Plot wise there are any stories being acted out which have very little thread to draw them together. I wish only that somehow the author had made them a little more unified and aboveall have let us known what happened to some of them! You can imagine to a certain extent the outcome of course but it is frustrating as you are so involved in their lives and then they literally disappear. Some main characters are very well characterised yet others a simple suggestion that you never really believe in anyway so you are not amazed when they vanish which in itself is a disappointment. I wish the author had re-read this book maybe a year after first writing it as then perhaps she would have seen the need to fill in more plot gaps later with fresh vision. She is so talented setting wise that I really believe with more substantial and consistent plot she'd be onto only five star reviews. I do agree with some other reviewers that she seemed to get bored at the end as if she was saying "hang on, I've just got to get this book out of the way then we can go out". A bit mean I know but that's how it felt...there were two many different stories going on, two many different ambiances. You begin with crime fiction, encounter glorious romanticism (but with its own lackings as another reviewer let slip) and then end with a rushed war period. It's a little exhausting. Even so, I am going to try "Tatty' another novel by this very author which on amazon has received mostly five star reviews because I love the style employed by Dwyer Hickey.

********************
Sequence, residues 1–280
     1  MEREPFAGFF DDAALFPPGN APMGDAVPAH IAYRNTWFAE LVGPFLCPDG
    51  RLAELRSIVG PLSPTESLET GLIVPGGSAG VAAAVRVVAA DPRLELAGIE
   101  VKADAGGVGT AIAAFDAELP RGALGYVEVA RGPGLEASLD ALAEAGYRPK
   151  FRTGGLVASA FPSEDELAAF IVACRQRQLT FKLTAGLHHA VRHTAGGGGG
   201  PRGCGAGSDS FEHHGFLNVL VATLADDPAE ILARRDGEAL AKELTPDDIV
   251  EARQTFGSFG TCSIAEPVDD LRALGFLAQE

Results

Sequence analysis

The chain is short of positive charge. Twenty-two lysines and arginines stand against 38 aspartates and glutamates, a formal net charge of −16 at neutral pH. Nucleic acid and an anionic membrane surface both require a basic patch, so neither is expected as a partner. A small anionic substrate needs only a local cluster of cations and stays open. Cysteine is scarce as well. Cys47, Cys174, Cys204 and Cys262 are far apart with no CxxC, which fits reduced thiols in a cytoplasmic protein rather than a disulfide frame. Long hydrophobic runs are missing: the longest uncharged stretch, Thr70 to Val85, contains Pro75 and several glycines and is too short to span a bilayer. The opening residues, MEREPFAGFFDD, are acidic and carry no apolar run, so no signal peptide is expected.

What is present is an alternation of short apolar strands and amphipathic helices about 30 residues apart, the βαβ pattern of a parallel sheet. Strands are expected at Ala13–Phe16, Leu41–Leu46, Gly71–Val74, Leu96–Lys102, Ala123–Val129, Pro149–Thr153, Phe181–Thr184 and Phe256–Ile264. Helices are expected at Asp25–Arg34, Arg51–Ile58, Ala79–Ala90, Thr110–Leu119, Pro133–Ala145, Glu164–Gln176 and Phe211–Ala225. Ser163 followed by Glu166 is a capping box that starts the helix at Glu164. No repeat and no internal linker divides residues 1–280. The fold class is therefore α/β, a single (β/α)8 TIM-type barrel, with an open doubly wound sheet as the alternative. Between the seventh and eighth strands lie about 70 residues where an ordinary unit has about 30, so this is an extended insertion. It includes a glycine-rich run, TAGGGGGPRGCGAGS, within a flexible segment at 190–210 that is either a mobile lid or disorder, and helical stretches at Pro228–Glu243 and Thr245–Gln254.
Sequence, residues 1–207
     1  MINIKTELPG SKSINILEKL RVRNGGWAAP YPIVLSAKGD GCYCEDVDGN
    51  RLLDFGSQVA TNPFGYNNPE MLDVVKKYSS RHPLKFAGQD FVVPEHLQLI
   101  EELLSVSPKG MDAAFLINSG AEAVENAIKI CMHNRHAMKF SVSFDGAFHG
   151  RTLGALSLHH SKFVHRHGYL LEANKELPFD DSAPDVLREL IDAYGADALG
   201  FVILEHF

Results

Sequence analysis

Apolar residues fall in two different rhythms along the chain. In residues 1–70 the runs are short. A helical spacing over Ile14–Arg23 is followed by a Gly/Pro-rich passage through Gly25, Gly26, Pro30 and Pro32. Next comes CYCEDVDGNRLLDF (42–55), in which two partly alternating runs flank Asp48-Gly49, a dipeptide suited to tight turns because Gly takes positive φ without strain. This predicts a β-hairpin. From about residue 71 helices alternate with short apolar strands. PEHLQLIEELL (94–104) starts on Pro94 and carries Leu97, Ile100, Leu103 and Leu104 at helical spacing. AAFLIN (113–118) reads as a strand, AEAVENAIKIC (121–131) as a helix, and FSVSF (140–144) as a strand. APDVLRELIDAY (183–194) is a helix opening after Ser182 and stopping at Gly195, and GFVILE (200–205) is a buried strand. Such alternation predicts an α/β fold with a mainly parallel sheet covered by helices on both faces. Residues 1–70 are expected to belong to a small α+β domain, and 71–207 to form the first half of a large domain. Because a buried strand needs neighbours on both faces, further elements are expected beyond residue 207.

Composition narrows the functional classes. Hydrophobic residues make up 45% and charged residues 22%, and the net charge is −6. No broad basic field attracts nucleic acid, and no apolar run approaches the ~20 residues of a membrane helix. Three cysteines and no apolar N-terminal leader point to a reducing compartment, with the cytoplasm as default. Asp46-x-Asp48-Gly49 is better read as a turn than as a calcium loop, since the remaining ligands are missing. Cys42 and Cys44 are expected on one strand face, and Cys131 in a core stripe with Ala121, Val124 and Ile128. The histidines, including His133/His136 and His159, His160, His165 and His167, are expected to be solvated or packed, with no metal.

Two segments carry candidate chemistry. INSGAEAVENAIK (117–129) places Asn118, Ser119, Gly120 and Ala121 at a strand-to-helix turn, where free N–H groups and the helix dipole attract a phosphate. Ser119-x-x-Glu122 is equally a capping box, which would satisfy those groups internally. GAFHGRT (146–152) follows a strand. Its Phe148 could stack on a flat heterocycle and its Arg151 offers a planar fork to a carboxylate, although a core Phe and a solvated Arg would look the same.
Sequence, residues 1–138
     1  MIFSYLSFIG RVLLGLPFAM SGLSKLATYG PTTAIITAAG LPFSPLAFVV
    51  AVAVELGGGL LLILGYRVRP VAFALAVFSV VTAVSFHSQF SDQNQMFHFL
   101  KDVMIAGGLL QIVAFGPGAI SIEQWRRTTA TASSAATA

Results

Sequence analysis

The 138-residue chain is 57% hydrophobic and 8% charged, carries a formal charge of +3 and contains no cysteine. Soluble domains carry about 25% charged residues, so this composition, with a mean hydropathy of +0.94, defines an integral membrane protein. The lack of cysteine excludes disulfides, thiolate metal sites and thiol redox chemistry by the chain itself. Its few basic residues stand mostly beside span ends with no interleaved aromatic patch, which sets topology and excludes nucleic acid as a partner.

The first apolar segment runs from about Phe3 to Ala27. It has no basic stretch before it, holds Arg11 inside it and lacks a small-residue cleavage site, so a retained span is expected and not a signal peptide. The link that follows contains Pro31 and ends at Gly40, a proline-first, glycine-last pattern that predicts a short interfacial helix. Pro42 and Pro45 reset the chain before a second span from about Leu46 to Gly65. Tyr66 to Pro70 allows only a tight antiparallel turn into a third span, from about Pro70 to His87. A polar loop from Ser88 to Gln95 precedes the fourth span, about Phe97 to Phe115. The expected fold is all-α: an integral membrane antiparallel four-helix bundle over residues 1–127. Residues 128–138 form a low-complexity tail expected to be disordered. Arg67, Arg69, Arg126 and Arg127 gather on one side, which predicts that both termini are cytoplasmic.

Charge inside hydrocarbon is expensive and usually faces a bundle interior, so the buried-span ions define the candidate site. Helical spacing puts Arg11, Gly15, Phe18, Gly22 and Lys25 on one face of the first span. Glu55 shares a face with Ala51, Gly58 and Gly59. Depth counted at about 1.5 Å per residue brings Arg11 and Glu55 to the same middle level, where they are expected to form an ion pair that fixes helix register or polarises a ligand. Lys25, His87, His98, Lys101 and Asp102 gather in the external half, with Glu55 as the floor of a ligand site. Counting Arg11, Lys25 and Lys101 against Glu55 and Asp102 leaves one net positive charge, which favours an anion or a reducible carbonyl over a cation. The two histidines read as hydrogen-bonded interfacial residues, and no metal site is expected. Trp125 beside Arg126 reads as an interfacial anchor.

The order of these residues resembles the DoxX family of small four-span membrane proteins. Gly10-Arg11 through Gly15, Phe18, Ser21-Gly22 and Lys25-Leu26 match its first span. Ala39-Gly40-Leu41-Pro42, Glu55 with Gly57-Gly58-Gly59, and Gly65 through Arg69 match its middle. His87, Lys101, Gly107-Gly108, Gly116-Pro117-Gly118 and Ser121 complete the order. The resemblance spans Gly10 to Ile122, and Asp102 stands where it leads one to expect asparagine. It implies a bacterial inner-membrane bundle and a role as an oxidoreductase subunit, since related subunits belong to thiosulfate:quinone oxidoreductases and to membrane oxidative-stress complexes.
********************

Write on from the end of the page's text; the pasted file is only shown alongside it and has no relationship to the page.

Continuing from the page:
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4 of 4 people found the following review helpful
2.0 out of 5 stars disappointing, 23 Dec. 2011
The idea, the juxtaposition of fascist Italy with Dublin and London, people getting caught up in troublesome situations, was exciting. And I was gripped, racing to the end. A damp squib awaited me. There were many unsatisfactory aspects to it. The behaviour of characters seemed implausible in some places. For instance, in the train at Ventimiglia, cool calm Edward would not have walked Alec out straight into the arms of trouble but would have found another solution. And would Bella, on returning to London, really decide never to see her father again? For that is what is implied. And what happened to the other characters in the end? And how much did Anna eventually discover of her antecedents? And the title of the book is misleading: was the train indeed the last one? My last criticism: none of the characters was sufficiently attractive for me to mind what happened.